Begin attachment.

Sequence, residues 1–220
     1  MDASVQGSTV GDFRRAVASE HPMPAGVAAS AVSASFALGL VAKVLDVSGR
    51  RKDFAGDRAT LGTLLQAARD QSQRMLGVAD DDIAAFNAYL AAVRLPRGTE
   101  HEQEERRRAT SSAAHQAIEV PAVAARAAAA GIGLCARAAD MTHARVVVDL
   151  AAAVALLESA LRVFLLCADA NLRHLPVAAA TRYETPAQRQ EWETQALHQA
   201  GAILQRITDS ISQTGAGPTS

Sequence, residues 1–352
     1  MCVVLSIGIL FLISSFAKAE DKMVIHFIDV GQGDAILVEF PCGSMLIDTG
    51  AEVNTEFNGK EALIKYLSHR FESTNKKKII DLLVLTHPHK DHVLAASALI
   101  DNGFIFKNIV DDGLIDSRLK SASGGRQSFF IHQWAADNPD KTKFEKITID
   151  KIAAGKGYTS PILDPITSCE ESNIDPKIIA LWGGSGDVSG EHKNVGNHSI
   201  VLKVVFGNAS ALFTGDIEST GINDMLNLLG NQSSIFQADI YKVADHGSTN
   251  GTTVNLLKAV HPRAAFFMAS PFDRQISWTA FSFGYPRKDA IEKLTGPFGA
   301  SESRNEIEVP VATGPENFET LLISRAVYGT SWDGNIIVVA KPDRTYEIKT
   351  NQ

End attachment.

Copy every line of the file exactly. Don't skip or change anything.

Sequence, residues 1–220
     1  MDASVQGSTV GDFRRAVASE HPMPAGVAAS AVSASFALGL VAKVLDVSGR
    51  RKDFAGDRAT LGTLLQAARD QSQRMLGVAD DDIAAFNAYL AAVRLPRGTE
   101  HEQEERRRAT SSAAHQAIEV PAVAARAAAA GIGLCARAAD MTHARVVVDL
   151  AAAVALLESA LRVFLLCADA NLRHLPVAAA TRYETPAQRQ EWETQALHQA
   201  GAILQRITDS ISQTGAGPTS

Sequence, residues 1–352
     1  MCVVLSIGIL FLISSFAKAE DKMVIHFIDV GQGDAILVEF PCGSMLIDTG
    51  AEVNTEFNGK EALIKYLSHR FESTNKKKII DLLVLTHPHK DHVLAASALI
   101  DNGFIFKNIV DDGLIDSRLK SASGGRQSFF IHQWAADNPD KTKFEKITID
   151  KIAAGKGYTS PILDPITSCE ESNIDPKIIA LWGGSGDVSG EHKNVGNHSI
   201  VLKVVFGNAS ALFTGDIEST GINDMLNLLG NQSSIFQADI YKVADHGSTN
   251  GTTVNLLKAV HPRAAFFMAS PFDRQISWTA FSFGYPRKDA IEKLTGPFGA
   301  SESRNEIEVP VATGPENFET LLISRAVYGT SWDGNIIVVA KPDRTYEIKT
   351  NQ